According to Hacaga, the main reason for the difference between grass-fed beef and conventional beef is a lack of internal fat running through the muscle. That results in a piece of meat that is slightly less forgiving (so be mindful when cooking), as well as a slightly different flavor.
“What the everyday consumer is used to is a grain-influenced taste,” Hacaga says. “A grain and corn diet softens that robust beef flavor.” He explains that grass-fed beef has earned a reputation for tasting gamey. “But if you get the right breed of animal on the right grass you have that perfect marriage of a really high-performing animal that eats tremendously.”
Thrive Market’s grass-fed beef comes from Patagonia, Chile, a verdant region with copious tall, nutrient-rich grass for the cows to enjoy. Hacaga credits these favorable conditions for helping the cattle grow remarkably quickly without the use of any filler feed (as opposed to grass fed beef that’s feedlot-finished, meaning the cows spend their final weeks fattening up on corn and grains).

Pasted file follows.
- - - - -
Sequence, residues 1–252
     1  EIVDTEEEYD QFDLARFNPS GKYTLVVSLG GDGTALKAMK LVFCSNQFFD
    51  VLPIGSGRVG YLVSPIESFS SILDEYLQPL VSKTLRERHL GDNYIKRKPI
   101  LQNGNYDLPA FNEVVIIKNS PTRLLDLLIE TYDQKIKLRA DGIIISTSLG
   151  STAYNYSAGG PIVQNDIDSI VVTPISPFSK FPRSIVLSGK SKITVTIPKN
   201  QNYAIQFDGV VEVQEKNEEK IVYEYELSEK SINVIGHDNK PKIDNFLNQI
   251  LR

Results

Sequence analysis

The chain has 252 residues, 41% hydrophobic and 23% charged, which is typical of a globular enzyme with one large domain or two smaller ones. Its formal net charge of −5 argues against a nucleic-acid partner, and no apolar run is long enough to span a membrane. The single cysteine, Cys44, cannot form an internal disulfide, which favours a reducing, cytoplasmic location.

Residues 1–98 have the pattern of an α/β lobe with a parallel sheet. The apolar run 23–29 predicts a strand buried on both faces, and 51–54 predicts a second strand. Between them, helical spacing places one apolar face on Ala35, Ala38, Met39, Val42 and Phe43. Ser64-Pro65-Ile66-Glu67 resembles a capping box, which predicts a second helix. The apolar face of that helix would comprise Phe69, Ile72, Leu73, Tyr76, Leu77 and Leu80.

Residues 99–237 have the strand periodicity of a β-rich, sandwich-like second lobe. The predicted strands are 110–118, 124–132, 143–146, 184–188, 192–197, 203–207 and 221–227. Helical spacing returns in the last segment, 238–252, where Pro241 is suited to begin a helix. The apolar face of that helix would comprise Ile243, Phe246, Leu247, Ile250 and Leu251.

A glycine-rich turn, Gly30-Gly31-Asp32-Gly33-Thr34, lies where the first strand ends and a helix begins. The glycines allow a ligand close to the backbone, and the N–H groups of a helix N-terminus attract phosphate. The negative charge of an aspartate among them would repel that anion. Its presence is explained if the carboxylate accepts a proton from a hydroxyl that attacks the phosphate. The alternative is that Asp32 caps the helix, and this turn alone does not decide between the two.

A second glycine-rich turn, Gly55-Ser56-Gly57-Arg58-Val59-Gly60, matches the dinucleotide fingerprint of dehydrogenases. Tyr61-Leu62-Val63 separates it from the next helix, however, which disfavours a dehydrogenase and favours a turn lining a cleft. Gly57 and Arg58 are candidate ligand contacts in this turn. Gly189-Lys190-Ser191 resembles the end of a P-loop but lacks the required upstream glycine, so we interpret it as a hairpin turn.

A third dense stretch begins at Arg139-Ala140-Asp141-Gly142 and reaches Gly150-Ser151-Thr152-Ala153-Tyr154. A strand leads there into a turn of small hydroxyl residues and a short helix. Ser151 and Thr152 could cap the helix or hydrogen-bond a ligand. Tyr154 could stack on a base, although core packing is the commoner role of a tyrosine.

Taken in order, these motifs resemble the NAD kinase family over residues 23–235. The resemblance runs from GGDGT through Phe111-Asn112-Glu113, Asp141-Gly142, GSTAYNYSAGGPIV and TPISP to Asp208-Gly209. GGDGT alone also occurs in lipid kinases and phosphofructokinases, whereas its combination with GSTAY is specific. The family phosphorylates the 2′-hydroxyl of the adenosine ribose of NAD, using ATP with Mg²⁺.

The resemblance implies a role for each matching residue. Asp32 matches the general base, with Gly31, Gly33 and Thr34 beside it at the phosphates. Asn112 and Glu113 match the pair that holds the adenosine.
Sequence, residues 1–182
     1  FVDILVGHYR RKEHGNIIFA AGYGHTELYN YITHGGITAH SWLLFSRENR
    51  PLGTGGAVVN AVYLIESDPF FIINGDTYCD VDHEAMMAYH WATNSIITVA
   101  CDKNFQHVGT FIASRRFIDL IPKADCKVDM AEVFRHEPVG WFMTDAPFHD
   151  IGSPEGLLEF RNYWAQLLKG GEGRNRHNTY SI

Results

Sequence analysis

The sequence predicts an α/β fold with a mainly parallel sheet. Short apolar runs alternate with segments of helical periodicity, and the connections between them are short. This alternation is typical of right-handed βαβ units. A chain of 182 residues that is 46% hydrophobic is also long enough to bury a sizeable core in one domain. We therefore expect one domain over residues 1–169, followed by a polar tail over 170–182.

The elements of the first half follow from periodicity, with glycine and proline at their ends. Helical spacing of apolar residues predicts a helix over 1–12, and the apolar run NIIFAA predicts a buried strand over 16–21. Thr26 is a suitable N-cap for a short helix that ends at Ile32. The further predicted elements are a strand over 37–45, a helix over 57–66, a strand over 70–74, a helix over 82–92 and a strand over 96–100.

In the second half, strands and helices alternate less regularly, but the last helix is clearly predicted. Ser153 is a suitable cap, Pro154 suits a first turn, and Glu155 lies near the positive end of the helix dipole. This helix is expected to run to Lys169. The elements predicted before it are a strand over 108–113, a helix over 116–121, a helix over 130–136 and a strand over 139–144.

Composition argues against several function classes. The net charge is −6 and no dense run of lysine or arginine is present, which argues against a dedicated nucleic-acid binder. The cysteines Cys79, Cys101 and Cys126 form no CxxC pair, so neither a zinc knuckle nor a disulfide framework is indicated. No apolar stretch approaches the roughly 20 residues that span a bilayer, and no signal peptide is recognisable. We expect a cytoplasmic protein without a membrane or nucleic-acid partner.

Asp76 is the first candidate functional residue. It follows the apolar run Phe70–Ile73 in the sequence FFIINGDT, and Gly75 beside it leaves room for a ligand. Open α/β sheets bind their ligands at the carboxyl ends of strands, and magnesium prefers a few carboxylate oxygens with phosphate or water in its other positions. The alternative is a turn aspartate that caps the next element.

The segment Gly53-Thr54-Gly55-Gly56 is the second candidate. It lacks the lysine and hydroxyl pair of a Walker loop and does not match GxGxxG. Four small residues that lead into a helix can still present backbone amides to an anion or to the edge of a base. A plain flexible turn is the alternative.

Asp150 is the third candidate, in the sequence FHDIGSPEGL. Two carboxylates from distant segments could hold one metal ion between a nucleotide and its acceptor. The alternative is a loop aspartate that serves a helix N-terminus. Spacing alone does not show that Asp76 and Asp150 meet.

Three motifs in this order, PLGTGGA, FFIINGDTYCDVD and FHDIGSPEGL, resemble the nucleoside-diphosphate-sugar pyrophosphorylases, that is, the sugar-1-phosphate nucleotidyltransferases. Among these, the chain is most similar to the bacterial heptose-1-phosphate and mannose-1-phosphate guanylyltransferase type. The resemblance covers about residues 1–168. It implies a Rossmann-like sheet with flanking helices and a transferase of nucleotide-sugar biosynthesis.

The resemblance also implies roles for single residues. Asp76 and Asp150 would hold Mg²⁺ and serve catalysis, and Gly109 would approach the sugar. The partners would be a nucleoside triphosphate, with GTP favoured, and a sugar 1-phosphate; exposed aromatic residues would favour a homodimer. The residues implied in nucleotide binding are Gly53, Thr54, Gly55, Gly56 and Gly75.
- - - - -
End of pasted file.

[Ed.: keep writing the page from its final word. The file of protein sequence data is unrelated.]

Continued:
“The thing that happens most often with grass-fed beef is that it gets overcooked,” Hacaga warns. “Once the juices stop running internally it’s basically like eating a piece of shoe leather.” To prevent a dry, overcooked result, here are a few tips for how to cook grass-fed beef:
So how does an expert in high quality meat cook his steak? A simple sear in a cast-iron skillet with no frills, aside from a bit of Thrive Market Organic Ghee “to give it that Ruth’s Chris sizzle.” And if you’ve splurged on a grass-fed filet, take a tip from Hacaga and skip the marinade. “I’ve learned over time that marinades are usually used to hide something. I let the quality of the beef stand on its own.”
Pastured chicken is leaner than conventional chicken because it lives a more active lifestyle (noticing a pattern?). It also contains a healthier ratio of omega-3 to omega-6 fatty acids, similar to salmon.